Perhaps the biggest problem I have with the whole Elizabeth controversy is the fact that we donít know because we havenĎt played the game. We donít know her entire story or how sheíll turn out to be. We donít know how her relationship with Booker will transpire. We are walking a thin line and acting like those that accuse our games of being something theyíre not when we react without knowing the complete story.
So does Elizabeth deserve to be included with all the other female characters that poorly represent the female gender? Personally, I think not. And although I get tired of seeing overly sexualized female characters in my video games, I understand that they are the result of how other media throughout the years has influenced the image of women. Video games are guilty of following suit, but itís the fashion industry, movie industry, and other outside sources that I feel we need to worry about more. Our sons and daughters are constantly bombarded with images of beautiful people, even more so since the majority of teenagers spend most of the time on the net. There are real idols that our children look up to. Real people in real jobs they dream of having. Although we canít control all the outside influences our children are faced with, we can try our best to raise them with enough self-esteem not to give into it, or alter their appearance to fit in. If weíve done our job then all the Elizabethís in the world arenít going to matter.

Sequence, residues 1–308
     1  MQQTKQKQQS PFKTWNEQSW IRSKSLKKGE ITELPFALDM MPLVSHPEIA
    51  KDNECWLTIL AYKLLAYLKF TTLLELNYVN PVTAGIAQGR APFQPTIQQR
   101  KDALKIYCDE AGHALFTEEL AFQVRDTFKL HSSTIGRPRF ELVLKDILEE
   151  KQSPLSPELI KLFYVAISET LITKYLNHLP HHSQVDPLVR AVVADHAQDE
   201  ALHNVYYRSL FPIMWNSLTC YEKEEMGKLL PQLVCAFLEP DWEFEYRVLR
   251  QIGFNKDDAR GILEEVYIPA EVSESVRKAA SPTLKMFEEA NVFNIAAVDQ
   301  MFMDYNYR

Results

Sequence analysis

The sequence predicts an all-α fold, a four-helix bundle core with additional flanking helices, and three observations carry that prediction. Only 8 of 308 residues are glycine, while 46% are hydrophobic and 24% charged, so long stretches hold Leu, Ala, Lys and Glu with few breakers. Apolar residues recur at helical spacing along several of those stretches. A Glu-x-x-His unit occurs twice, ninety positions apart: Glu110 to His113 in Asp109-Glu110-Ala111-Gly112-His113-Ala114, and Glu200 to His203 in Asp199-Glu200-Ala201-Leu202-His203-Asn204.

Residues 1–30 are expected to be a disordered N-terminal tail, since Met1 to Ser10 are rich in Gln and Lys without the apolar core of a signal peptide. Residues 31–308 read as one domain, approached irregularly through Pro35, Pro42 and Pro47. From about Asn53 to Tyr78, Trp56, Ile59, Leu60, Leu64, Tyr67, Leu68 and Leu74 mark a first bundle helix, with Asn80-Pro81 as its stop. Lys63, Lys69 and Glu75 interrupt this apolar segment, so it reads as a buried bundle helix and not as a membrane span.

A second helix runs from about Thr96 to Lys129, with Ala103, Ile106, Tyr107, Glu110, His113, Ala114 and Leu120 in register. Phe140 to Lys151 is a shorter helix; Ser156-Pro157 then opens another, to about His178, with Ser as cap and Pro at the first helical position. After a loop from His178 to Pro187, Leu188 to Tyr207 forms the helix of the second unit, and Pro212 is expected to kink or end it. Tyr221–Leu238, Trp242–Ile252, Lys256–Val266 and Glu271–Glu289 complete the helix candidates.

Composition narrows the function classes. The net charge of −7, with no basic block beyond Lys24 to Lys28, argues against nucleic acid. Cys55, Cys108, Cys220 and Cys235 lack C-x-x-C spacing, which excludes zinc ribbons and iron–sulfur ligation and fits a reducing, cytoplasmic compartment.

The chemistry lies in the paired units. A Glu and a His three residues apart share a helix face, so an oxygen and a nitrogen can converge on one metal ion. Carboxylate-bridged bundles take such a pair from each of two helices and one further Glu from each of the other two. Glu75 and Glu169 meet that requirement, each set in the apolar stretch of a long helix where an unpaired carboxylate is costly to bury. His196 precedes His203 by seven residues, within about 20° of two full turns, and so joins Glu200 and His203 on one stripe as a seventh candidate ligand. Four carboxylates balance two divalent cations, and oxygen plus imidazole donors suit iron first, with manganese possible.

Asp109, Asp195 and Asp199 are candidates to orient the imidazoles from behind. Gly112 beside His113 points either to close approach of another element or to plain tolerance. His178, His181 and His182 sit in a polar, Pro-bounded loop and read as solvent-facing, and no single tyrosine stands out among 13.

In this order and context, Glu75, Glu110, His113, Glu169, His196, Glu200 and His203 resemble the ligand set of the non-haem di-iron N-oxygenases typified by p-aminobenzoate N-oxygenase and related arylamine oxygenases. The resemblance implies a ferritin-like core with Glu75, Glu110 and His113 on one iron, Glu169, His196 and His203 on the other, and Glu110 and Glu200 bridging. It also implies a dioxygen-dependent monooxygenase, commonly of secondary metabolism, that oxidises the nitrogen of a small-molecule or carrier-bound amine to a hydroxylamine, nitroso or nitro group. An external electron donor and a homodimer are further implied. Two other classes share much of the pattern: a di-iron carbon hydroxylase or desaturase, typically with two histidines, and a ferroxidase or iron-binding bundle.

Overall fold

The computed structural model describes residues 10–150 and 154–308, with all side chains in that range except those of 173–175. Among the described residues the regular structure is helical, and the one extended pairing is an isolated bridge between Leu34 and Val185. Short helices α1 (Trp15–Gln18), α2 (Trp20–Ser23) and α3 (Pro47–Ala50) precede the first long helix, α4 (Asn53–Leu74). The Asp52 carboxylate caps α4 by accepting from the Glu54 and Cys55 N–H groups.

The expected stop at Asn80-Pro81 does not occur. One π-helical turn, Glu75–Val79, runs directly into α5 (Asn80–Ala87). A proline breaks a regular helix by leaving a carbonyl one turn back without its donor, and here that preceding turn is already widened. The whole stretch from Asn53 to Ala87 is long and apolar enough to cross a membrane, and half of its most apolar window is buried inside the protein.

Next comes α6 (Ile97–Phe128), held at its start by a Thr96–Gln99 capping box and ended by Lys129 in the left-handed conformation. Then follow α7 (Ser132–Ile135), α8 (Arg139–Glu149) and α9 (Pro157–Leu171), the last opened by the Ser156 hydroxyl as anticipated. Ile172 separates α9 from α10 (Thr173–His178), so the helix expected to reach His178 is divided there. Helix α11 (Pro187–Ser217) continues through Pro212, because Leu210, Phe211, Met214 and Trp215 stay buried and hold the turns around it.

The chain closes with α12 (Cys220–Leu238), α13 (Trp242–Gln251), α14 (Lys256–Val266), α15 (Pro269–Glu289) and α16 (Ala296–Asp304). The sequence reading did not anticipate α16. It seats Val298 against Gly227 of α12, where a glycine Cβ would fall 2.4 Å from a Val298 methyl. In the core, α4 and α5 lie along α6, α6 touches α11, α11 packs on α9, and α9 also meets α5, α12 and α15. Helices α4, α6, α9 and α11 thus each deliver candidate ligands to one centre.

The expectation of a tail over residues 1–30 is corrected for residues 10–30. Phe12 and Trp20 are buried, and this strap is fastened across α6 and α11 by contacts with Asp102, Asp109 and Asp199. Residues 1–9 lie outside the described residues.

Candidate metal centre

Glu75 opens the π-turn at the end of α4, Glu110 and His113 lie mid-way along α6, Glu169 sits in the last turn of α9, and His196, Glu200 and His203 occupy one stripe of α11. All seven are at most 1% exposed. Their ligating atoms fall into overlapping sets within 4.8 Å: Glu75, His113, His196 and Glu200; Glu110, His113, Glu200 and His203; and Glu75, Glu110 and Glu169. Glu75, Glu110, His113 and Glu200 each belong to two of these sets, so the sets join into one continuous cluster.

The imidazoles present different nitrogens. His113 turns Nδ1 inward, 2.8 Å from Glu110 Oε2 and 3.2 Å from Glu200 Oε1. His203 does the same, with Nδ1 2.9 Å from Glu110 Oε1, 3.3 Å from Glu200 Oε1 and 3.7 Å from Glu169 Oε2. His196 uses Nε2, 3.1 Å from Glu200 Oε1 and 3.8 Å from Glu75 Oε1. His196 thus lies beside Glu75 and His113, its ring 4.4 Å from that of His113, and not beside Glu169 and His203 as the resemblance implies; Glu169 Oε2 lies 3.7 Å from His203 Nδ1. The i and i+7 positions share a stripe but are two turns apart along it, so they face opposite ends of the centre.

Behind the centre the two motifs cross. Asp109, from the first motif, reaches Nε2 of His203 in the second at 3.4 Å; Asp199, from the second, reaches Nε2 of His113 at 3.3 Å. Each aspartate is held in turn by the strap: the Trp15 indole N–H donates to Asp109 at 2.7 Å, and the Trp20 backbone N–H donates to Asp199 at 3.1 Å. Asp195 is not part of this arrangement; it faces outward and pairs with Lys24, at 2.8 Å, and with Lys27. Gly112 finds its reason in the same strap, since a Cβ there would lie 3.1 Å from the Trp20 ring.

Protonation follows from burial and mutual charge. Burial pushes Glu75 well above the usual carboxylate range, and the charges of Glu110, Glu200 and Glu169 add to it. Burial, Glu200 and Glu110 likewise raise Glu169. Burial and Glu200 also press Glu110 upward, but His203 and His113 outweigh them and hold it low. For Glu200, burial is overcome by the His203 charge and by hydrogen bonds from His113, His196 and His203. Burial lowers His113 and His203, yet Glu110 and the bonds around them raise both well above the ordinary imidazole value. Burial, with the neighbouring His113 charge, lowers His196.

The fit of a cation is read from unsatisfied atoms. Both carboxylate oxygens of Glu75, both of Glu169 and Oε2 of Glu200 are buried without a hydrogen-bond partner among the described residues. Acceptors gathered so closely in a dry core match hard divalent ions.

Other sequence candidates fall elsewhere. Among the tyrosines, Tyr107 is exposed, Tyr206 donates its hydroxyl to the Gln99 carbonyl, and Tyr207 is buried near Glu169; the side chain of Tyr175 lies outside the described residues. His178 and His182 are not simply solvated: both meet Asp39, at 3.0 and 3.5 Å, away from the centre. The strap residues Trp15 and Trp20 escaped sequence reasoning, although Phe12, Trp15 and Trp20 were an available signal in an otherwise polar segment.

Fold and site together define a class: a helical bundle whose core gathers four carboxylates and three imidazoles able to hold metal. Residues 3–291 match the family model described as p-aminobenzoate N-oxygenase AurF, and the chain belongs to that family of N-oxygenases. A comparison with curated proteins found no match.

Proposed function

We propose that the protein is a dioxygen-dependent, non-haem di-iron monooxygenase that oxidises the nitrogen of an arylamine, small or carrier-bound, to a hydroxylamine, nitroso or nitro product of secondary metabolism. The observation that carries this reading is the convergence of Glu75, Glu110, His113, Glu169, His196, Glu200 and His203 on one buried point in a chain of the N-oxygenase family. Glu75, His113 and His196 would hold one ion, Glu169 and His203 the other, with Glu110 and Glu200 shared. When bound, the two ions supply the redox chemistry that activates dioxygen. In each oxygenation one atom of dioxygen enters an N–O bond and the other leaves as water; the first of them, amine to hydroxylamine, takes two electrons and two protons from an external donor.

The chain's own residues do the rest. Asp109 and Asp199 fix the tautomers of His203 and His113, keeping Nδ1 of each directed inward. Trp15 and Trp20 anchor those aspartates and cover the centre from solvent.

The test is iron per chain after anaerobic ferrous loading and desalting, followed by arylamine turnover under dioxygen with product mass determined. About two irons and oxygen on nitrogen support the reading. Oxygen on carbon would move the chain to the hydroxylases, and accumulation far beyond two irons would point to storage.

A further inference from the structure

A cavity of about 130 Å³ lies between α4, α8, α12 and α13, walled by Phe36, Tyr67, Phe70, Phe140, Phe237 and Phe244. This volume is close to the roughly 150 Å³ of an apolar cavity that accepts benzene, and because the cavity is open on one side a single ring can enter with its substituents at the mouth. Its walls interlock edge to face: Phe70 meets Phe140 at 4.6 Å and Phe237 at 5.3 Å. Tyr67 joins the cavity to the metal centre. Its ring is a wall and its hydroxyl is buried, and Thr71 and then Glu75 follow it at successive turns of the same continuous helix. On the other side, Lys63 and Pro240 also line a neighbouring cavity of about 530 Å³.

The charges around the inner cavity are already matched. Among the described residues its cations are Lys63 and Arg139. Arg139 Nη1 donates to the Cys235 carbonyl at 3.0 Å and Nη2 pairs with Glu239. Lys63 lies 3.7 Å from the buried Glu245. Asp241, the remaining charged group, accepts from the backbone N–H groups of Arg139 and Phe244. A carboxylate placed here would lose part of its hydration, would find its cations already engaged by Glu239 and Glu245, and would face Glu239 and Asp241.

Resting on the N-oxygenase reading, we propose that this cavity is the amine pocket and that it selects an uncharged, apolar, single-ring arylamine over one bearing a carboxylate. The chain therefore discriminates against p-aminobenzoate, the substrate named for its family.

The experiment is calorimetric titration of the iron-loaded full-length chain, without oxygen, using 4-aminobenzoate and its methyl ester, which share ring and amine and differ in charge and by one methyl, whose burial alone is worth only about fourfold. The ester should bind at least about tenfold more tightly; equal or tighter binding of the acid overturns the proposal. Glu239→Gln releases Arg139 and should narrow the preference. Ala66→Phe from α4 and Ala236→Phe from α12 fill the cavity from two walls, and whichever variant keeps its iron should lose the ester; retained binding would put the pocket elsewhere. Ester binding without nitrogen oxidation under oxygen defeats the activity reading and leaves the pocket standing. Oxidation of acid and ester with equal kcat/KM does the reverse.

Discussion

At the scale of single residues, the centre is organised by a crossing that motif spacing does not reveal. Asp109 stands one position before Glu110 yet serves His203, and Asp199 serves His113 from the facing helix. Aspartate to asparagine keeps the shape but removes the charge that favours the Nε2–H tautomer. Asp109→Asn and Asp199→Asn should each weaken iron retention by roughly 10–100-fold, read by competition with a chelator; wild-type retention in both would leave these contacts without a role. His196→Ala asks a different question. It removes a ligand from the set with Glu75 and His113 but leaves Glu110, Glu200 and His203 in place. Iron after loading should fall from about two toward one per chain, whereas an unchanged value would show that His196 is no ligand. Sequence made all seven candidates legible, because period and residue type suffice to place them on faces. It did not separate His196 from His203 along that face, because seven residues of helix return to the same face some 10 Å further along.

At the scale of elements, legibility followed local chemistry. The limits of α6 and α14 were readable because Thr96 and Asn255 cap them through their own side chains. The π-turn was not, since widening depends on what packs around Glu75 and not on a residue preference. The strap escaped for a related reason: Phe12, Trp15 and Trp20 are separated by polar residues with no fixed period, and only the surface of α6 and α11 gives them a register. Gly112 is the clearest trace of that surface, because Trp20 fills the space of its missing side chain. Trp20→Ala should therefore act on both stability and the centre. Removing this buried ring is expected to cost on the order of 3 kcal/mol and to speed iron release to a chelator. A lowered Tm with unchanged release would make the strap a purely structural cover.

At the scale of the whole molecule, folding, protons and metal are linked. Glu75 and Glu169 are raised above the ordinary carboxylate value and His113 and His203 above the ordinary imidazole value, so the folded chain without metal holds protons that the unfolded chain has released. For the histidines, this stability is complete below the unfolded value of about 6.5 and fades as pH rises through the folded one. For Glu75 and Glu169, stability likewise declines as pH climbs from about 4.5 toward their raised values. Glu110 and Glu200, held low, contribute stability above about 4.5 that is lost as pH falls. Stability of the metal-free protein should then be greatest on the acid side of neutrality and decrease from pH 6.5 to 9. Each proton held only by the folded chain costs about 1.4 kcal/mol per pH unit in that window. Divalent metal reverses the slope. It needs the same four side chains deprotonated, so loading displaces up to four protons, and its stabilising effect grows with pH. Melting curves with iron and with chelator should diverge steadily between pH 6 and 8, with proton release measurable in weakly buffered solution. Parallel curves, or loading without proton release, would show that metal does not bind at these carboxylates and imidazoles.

Misogyny? BDSM? Or just a bad advertisement?
It's not only breast implants. Girls are starving themselves to look like this.
Do we need to keep on the gaming industry to change the way they portray female characters? Yes, we do. But not by grabbing up the torches and going after something weíve yet to learn about. And what about praising them when they do it right? Why must we take something in our favor and tear it apart even more like we did with FemShep? Why are we complaining when weíre given a female character to play in one game instead of asking for say a female character in a popular game like MW? Change will come, but we need to approach it in a sensible manner. I donít feel we did that with Elizabeth.